Financial Planner, Will They Say THIS at Your Funeral?

Dearly Beloved,

We gather here today to honor the memory of our friend, Certified Financial Planner.

That was his birth name.

Most knew him simply as Financial Planner.

Financial Planner’s life was tragically cut short at a very young age. I am saddened to say, he never really hit his stride or had the chance to grow up to enjoy what might have been his prime.

When Financial Planner was born, he was full of hope and vigor. He dreamed of being genuinely helpful to people. He loved to empower people to reach their goals, though our friend Financial Planner, never reached his goal.

Those of us who remember Financial Planner knew he always wanted to help people with his extensive knowledge. Though many admired Financial Planner because he was highly educated, he was often cautioned about spreading his knowledge to the world.

Though we honor Financial Planner’s spirit, he could be self-centered from time to time. So much of what Financial Planner did was sell financial products. It is hard to imagine that Financial Planner never noticed his audience was tuning out, but he persisted in his ways. Some things cannot be explained.

Maybe it had something to do with Financial Planner’s fear.

There’s no denying he was frightened to change. While the business changed rapidly, he was doing the same stuff that worked yesterday, five years ago, maybe even ten years ago. He was doing “the usual.” It must have worn him out to defend mediocrity.

Financial Planner was not all that concerned about his appearance.

In fact, some might say — lovingly, of course — that he did his best, but they secretly never saw the true value of Financial Planner’s work. And just as in every line of work, that’s suicide.

Financial Planner never meant to be dull.

Don’t get me wrong. To know him was to love him. He was as unique as all of God’s children. However, having seen some of Financial Planner’s work, I must say his charms didn’t come through. He held back for fear of the rule-makers.

Some would say our friend Financial Planner was too analytical.

His dearest friends and loved ones shared with me how tormented he was about when he realized the people he served so well, didn’t engage with him as much as he wanted too. On the other hand, was he really to blame for that? Because as we all know, empathy and emotion are not always valued in the financial services industry.

Of course, this memorial service is not meant to be a roast.

We want to celebrate Financial Planner’s short life and be thankful we knew him. Financial Planner had a good heart. He meant to bring value to the lives of the people he touched.

Still, I believe all of us here can’t help but wonder, “What if … ?”

What if Financial Planner took more care to consider what mattered most to his clients?

What if he were a better listener?

What if he knew about becoming smarter by using his people skills?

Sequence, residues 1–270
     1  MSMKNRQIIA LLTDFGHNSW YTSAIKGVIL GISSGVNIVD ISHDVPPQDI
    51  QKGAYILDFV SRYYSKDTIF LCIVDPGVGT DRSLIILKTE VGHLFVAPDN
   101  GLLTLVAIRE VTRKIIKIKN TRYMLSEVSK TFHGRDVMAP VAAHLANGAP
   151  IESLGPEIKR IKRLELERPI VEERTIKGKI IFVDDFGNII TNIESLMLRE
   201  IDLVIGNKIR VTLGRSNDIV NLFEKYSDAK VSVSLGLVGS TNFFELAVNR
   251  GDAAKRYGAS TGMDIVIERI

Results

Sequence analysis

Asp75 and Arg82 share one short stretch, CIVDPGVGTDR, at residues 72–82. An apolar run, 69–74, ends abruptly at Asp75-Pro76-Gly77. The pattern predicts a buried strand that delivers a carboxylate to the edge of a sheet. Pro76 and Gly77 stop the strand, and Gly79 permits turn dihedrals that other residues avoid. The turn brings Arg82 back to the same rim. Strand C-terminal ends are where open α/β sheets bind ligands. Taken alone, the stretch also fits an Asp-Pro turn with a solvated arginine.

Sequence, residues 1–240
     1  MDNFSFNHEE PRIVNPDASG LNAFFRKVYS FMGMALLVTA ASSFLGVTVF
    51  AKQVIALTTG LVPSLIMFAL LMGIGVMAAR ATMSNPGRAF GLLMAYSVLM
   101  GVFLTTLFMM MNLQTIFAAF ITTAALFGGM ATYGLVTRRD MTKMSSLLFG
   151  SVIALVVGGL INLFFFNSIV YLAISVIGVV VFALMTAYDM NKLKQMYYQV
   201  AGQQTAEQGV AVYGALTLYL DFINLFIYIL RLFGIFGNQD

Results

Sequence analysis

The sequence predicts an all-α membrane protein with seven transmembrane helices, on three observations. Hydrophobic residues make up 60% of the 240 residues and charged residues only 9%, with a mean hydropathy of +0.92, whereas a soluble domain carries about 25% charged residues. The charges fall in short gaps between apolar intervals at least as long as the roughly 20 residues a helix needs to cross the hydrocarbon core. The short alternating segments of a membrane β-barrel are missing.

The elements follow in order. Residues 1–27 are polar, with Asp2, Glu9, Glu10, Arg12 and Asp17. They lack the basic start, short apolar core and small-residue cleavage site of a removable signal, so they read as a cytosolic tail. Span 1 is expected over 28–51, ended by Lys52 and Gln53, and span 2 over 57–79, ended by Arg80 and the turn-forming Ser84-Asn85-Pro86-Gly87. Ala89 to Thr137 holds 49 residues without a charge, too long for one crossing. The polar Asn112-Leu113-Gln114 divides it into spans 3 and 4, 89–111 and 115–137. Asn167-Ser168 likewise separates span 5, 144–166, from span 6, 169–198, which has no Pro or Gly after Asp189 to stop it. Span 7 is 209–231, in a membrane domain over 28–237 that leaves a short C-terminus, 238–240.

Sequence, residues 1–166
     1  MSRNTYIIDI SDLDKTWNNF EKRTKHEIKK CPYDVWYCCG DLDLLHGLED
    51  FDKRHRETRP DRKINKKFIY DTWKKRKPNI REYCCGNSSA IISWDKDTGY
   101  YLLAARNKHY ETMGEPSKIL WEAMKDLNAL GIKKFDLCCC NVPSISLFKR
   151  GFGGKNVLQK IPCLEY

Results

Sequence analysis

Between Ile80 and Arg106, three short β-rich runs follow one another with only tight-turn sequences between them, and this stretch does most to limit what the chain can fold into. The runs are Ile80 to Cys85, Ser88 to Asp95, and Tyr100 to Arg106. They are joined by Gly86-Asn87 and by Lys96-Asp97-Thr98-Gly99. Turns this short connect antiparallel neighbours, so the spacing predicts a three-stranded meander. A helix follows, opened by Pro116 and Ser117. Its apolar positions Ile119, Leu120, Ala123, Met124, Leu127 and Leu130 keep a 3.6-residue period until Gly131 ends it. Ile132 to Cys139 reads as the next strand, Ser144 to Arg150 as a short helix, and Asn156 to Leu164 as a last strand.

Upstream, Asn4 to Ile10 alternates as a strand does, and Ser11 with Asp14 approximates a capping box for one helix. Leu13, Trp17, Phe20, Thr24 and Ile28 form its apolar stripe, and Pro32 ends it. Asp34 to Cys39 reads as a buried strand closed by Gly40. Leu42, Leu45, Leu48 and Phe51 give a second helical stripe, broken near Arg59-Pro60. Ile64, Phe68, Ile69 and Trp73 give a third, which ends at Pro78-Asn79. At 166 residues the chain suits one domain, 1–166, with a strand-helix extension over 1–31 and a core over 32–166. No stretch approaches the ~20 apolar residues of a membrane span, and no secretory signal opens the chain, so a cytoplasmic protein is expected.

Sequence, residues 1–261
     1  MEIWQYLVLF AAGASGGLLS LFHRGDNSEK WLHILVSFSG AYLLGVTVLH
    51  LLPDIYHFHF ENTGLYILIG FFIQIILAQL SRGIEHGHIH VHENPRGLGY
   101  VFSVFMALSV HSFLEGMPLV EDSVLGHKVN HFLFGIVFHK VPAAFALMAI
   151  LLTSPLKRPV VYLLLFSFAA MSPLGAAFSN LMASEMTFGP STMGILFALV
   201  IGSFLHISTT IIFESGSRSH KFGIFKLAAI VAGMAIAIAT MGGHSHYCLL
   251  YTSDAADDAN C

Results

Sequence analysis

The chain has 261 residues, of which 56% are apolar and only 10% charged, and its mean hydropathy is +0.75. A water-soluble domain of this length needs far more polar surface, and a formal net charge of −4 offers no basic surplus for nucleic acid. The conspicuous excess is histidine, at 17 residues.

What if? What if? What if?

However, my friends, he tried. Sometimes that is the best one can do.

We mourn the loss of Financial Planner, but we take comfort knowing Financial Planner is in the arms of the angels now.

Financial Planner, God rest your soul, we pray for you.

If you’d like to say a few words about Financial Planner, please leave your comment here below.

Thank you.

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Leave a Reply 4 comments

Johan baker Reply

Thanks for sharing wonderful information.

Yvonne E. Venter - Louw Reply

I have been on this mission of personal and practice growth since 2011 – I always stated that I am not a policy-sales-man, broker or just a planner. Today I can proudly state that my practice has grown to an education, advice, coaching, mentoring and services (implementation and administration) practice. My clients who stayed with me through this growth clearly understand and value the benefits of my knowledge, experience and education.
This process was not easy, but all thanks to mentors like you and Scott Plaskitt from Iron Shield, I have structured a fee-only practice with true added value for clients.
Thank you!

    Ronald Sier Reply

    Thank you very much for this wonderful reply Yvonne. I feel honored.

Kathy Waite Your Net Worth Manager Reply

This is why I stopped using the title financial planner in 2011. I tried money coach but it came over as debt counselling. Since 2014 I have used Your Net Worth Manager and I am paid for what I know NOT what I sell. I charge an annual subscription and educate and help people implement change. Its fun! Its about real life NOT numbers! Ron is 100% right until we get the boring sales people out of this industry it will die. Every plan does not end in a product but if you make a living selling products it has to. There is little new blood, graduates dont want to be paid like car sales men!

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